- Publish Date
- Wednesday, 20 January 2021, 5:10PM
By: Liam Napier
Every offseason Jordie Barrett turns to his second sporting love, swapping boots for bat and ball to rekindle his cricketing passion.
Before he became the prodigiously talented All Blacks and Hurricanes outside back, Barrett hit the crease as a brisk new-ball bowler and handy lower order batsman. He captained Central Districts under-19s, played alongside Black Caps Will Young and Tom Bruce in Taranaki's Hawke Cup side and was on standby for the New Zealand under-19 World Cup team.
"I was still playing cricket two years out of school – just before I made NZ under-20s," Barrett recalls from his family's Taranaki farm.
Given that pedigree, and the many backyard battles he shared with his elder brothers, it's no surprise Barrett has been a standout in the Team Rugby versus Team Cricket Black Clash which holds its third, deciding edition at Christchurch's Hagley Oval on Friday evening.
Barrett took 2-53 and hit 42 not out to propel Team Rugby to their five wicket upset win in the maiden Black Clash two years ago in Christchurch.
Last year in Napier, Barrett's yorker stunned Stephen Fleming during an impressive four over spell that also claimed Black Caps batting coach Luke Ronchi to finish with 2-22, but it wasn't enough to stop Team Cricket squaring the ledger with a two run win that went down to the final ball.
Despite enjoying his break, before rejoining the Hurricanes, Barrett is not about to rely on talent alone – instead linking with former Taranaki and Central Districts coach Debu Banik.
"I look forward to this game every year and try and put in a bit of work over the summer by having a few net sessions with my old Taranaki coach," Barrett says.
"Every summer, regardless of whether this game was on I'd still go and hit balls with him. It's a way of staying fit for me and another little challenge outside footy. There's a few things that correlate with each other. He hits me a few high ball catches and still thinks that goes a long way to me catching bombs."
In the past two weeks Barrett managed two 40 over second-grade hit outs with his local club side Pihama. While 82 against the Boys' High second XI was the individual highlight, Barrett savoured winning the local "Ashes" – a traditional annual fixture – against Orua.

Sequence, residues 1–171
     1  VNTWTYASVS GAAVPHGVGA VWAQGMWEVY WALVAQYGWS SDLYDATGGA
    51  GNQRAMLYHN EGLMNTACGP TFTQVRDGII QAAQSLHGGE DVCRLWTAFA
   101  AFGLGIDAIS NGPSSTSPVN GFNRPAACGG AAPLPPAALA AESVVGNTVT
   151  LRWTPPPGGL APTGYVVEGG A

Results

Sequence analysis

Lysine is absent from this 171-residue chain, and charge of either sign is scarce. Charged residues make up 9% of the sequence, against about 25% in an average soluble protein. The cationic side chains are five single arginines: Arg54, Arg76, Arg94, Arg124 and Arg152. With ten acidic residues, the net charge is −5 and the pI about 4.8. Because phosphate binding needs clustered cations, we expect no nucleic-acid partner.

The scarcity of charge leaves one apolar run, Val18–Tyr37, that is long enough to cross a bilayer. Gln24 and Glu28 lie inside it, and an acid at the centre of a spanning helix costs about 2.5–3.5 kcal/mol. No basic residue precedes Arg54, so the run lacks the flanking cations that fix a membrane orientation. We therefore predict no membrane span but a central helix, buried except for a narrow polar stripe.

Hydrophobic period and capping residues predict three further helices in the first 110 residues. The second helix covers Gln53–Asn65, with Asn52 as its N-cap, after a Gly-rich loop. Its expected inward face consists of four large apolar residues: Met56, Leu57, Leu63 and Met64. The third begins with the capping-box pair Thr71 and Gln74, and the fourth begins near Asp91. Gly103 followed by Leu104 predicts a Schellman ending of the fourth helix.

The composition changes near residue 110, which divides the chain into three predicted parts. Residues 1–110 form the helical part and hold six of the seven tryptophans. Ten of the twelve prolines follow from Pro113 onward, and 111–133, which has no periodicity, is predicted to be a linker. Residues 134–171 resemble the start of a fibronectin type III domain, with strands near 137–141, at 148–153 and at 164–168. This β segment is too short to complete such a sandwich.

"It was the first time I got to play in the Ashes and we got a win so that was bloody good.
"I've played a couple of club games to try get my body up to scratch so I don't hurt myself and hit a few balls to get my eye in a wee bit.
"You certainly don't want to go in cold when I know how many eyeballs are going to be on the TV. Last time we were at Hagley it was almost sold out so you don't want to set yourself up to fail or embarrassment.
"There's a wee uni contingent turning up. No doubt they'll be there with bells on in a late sunny afternoon in Christchurch. It'll be my first time under lights there.
"Cricket is one of those games you can prepare as much as you want and still get a good ball and get out early."
Barrett hopes Kaylum Boshier, the former New Zealand under-19 cricket captain turned Taranaki and Chiefs flanker, can notch a half century and nominates Crusaders fullback Will Jordan as a dark horse for Team Rugby.
Westlake's Jock McKenzie is another dual talent, having represented NZ under 19s in cricket and the NZ Maori under 18 rugby side in the same week two years ago.
"It's Will Jordan's first time playing and he was sharp at Christchurch Boys' and it's good to have Kaylum back he was a gun a couple of years ago and still got it."
As for the opposition, a former Black Caps all-rounder could be targeted.
"They've got a few ring-ins – they know how important it is for them to win this one.
"Reading their team list I'm not sure where I can find too many weaknesses when you look at Grant Elliott, Daniel Vettori, Jacob Oram, Kyle Mills… maybe Scott Styris."
Sir Graham Henry (Coach)
WILDCARD - Mathew Sinclair
Scott Robertson (Team Manager)
Stephen Fleming (Capt & Coach)
WILDCARD - Jordan Watson
This article was first published on nzherald.co.nz and is republished here with permission